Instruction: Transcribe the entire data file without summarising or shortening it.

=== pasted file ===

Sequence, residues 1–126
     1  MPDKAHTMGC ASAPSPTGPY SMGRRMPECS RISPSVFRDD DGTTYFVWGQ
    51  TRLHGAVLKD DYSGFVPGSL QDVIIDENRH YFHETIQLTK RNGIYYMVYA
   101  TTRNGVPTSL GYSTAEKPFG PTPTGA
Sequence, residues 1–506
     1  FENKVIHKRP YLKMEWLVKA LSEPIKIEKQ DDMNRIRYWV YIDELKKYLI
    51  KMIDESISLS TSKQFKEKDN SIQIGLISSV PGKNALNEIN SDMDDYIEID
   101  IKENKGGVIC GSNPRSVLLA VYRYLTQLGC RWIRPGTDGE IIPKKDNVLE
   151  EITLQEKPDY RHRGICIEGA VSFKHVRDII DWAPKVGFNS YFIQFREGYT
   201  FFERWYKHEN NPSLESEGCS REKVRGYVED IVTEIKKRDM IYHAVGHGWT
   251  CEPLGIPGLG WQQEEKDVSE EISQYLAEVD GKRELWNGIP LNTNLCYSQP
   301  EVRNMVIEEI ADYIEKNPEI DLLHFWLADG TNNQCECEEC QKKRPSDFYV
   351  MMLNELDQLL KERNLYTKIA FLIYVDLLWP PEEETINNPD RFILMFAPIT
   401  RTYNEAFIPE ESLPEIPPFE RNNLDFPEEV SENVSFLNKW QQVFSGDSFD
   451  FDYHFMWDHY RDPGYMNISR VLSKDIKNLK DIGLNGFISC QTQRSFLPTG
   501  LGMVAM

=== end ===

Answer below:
Sequence, residues 1–126
     1  MPDKAHTMGC ASAPSPTGPY SMGRRMPECS RISPSVFRDD DGTTYFVWGQ
    51  TRLHGAVLKD DYSGFVPGSL QDVIIDENRH YFHETIQLTK RNGIYYMVYA
   101  TTRNGVPTSL GYSTAEKPFG PTPTGA
Sequence, residues 1–506
     1  FENKVIHKRP YLKMEWLVKA LSEPIKIEKQ DDMNRIRYWV YIDELKKYLI
    51  KMIDESISLS TSKQFKEKDN SIQIGLISSV PGKNALNEIN SDMDDYIEID
   101  IKENKGGVIC GSNPRSVLLA VYRYLTQLGC RWIRPGTDGE IIPKKDNVLE
   151  EITLQEKPDY RHRGICIEGA VSFKHVRDII DWAPKVGFNS YFIQFREGYT
   201  FFERWYKHEN NPSLESEGCS REKVRGYVED IVTEIKKRDM IYHAVGHGWT
   251  CEPLGIPGLG WQQEEKDVSE EISQYLAEVD GKRELWNGIP LNTNLCYSQP
   301  EVRNMVIEEI ADYIEKNPEI DLLHFWLADG TNNQCECEEC QKKRPSDFYV
   351  MMLNELDQLL KERNLYTKIA FLIYVDLLWP PEEETINNPD RFILMFAPIT
   401  RTYNEAFIPE ESLPEIPPFE RNNLDFPEEV SENVSFLNKW QQVFSGDSFD
   451  FDYHFMWDHY RDPGYMNISR VLSKDIKNLK DIGLNGFISC QTQRSFLPTG
   501  LGMVAM